Constituents demanding a solution to the Legislature’s budget impasse over Medicaid expansion have been emailing Rep. Richard Corcoran, who has been telling voters that the federal program is dangerous for its patients.
Several PolitiFact Florida readers have sent in an email response from the Land O’ Lakes Republican, who is chairman of the House Appropriations Committee and the Joint Legislative Budget Commission. In his reply, Corcoran decries the already high enrollment and expense of Medicaid, the joint state and federal health care program for the very poor, as a reason to not accept federal expansion money under the Affordable Care Act.
"Unfortunately, those Floridians belong to a troubled delivery system," Corcoran wrote. "The largest national study, conducted by the University of Virginia, found that Medicaid patients were 97 percent more likely to die than those with private insurance. Expanding coverage through a health care program that delivers questionable care is not a public policy that Florida should embrace."
Saying patients are twice as likely to die is an eye-opening statistic to cite when arguing against Medicaid, implying not only is the program delivering substandard care, it’s actually bad for patients. We wondered if the federal plan was really to blame for such a high mortality rate.
What we found is that if you’re on Medicaid and you have surgery, the study Corcoran cited did say you are more likely to die -- but it’s probably not because you’re using Medicaid to pay for treatment.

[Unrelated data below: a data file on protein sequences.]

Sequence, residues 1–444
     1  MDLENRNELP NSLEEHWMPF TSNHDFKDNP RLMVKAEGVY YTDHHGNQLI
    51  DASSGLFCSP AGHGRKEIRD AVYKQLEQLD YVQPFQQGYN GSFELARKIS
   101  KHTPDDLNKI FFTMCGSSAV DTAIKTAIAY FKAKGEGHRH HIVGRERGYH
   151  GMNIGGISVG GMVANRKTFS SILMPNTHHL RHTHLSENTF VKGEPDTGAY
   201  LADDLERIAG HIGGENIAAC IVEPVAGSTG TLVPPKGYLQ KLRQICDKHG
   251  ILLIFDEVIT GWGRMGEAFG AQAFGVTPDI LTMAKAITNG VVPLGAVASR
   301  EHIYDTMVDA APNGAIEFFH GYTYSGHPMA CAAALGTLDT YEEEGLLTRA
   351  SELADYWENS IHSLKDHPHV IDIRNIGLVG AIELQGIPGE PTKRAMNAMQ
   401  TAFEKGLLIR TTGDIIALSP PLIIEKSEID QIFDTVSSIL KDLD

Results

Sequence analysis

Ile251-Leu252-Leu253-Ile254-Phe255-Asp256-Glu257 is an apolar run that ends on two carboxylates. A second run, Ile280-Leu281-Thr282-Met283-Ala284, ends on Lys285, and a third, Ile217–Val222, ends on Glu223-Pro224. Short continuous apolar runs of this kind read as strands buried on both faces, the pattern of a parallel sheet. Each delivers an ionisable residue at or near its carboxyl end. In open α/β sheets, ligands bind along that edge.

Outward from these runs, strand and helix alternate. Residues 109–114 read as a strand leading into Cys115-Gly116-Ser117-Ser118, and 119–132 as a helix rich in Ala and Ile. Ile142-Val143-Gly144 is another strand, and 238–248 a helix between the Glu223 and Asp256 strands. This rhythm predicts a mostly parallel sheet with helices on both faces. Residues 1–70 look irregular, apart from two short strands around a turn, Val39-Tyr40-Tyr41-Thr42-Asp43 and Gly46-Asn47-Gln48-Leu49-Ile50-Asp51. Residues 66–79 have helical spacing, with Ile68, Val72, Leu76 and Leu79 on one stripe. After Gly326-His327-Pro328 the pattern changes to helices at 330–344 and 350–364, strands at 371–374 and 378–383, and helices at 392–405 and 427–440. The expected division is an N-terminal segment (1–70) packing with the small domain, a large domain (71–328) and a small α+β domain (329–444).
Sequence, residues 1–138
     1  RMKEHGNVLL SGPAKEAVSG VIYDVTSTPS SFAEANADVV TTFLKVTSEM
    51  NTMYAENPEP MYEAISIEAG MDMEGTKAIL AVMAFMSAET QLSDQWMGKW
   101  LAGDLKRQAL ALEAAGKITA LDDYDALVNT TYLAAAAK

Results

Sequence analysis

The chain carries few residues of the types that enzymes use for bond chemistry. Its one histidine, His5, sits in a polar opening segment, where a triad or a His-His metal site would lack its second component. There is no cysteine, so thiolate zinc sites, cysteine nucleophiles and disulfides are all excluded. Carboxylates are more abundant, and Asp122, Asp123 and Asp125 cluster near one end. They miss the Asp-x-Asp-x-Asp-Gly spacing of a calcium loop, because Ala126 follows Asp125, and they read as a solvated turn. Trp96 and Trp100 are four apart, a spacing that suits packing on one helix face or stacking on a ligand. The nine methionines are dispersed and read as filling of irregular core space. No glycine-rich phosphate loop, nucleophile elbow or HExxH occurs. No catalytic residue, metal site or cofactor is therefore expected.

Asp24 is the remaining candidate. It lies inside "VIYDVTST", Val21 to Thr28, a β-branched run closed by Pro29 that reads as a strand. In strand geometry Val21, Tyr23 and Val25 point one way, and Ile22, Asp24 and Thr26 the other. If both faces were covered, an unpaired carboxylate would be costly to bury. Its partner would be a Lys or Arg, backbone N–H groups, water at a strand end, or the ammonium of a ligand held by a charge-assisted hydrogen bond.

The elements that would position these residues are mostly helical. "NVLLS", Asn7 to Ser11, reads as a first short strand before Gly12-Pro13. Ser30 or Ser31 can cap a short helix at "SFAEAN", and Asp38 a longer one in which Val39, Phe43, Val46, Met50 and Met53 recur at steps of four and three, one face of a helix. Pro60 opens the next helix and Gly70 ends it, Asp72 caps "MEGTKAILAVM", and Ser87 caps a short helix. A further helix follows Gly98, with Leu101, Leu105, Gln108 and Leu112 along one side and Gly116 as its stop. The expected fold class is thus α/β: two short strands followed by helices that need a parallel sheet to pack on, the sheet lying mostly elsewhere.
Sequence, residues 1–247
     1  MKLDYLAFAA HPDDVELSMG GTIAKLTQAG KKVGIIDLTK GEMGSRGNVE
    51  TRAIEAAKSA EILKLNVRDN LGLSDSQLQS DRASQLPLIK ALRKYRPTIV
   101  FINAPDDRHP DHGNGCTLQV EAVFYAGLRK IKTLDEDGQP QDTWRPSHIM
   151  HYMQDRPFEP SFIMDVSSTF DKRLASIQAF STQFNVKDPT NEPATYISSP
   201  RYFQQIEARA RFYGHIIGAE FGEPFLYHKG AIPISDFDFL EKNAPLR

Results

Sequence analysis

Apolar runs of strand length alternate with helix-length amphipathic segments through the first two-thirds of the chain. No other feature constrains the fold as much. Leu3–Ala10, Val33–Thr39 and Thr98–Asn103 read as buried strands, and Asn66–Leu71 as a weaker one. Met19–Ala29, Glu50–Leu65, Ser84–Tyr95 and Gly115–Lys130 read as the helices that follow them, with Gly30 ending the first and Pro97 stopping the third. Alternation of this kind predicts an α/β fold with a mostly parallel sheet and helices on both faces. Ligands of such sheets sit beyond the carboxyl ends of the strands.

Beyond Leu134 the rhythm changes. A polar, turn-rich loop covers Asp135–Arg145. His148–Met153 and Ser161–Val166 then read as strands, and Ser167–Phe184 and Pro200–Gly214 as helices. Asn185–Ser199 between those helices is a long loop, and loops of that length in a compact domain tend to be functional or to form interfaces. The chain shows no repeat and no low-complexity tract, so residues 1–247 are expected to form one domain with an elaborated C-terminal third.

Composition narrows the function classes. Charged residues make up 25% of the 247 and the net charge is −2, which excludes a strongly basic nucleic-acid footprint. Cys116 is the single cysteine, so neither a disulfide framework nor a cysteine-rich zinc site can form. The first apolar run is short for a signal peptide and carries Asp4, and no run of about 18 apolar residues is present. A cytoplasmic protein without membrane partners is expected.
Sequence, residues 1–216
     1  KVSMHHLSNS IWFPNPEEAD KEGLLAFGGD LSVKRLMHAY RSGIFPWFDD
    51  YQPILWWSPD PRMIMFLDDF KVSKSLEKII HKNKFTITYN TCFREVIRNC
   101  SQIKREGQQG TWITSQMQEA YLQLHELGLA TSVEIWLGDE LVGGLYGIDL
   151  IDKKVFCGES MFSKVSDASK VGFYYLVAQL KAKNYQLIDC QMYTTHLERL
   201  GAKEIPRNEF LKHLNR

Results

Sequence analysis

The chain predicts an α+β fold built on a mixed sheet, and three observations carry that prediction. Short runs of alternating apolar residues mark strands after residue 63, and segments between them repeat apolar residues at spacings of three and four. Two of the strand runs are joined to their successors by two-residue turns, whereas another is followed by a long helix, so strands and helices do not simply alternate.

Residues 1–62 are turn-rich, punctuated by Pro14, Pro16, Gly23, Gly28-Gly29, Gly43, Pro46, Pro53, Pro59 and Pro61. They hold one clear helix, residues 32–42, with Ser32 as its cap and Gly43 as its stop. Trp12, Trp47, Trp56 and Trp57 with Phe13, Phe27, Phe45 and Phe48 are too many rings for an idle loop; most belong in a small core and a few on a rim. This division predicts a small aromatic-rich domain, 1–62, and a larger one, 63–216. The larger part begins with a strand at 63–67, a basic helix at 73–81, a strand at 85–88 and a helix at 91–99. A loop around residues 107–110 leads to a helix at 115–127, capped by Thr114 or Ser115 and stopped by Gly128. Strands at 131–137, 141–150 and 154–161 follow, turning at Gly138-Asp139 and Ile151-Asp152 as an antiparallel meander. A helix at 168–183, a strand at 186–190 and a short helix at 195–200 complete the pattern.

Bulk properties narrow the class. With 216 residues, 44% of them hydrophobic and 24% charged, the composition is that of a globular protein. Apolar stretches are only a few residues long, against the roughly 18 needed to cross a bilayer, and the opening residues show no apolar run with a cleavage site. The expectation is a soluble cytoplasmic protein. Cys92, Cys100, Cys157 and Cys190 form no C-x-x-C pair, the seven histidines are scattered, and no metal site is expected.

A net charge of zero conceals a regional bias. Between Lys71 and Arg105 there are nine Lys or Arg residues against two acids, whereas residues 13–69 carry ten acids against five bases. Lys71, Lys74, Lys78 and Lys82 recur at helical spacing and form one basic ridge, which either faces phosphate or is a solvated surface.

The Virginia study
The University of Virginia study was published in 2010, and followed the patient outcomes of almost 900,000 major surgeries across the country. That’s different than the Medicaid population as a whole. It also kept track of whether those patients had private insurance, Medicare, Medicaid or no insurance at all. The eight researchers adjusted for patient health care and population variables like age, income, where they lived, the type of hospital they were in, what kind of operation they were having and more.
The results showed Medicaid patients were the most at-risk, and were 1.97 times more likely to die following a procedure than a patient with private insurance. That’s where Corcoran got his percentage, although experts we talked to said it was misleading to use as a reference.
Medicaid patients also were more likely to die after a procedure than Medicare patients (1.54 more than insured patients) and even the uninsured (1.74 times). Medicaid recipients also had the highest total costs and longest hospital stays, although mortality rates varied depending on a variety of factors.
So does that mean Medicaid is the culprit for the higher odds of patient deaths? Not at all, University of Virginia School of Medicine professor and cardiovascular surgeon Dr. Irving Kron (rhymes with "phone") told us. Kron was one of the researchers for the study.
While it does adjust for socioeconomic factors, the study notes that if you’re on Medicaid, you’re probably suffering from a whole host of risk factors other categories of patients don’t have, he said. Medicaid recipients are the poorest, least educated and sickest of all patients, and often don’t seek medical help until conditions are at their worst.
Those patients have the highest incidence of AIDS, depression, liver disease, neurologic disorders, psychoses and metastatic cancer, the study said.
"The reality is it’s apples and oranges," Kron said. "The problem with Medicaid is there’s more emergencies, because they’re sicker than most people. … They wait for care and unfortunately, emergent patients don’t do as well as elective patients."
Kron said the study focused on whether socioeconomic status was a factor in medical treatment, which it clearly was, and not on the quality of the systems paying for health care. Corcoran insisted the study proved him right.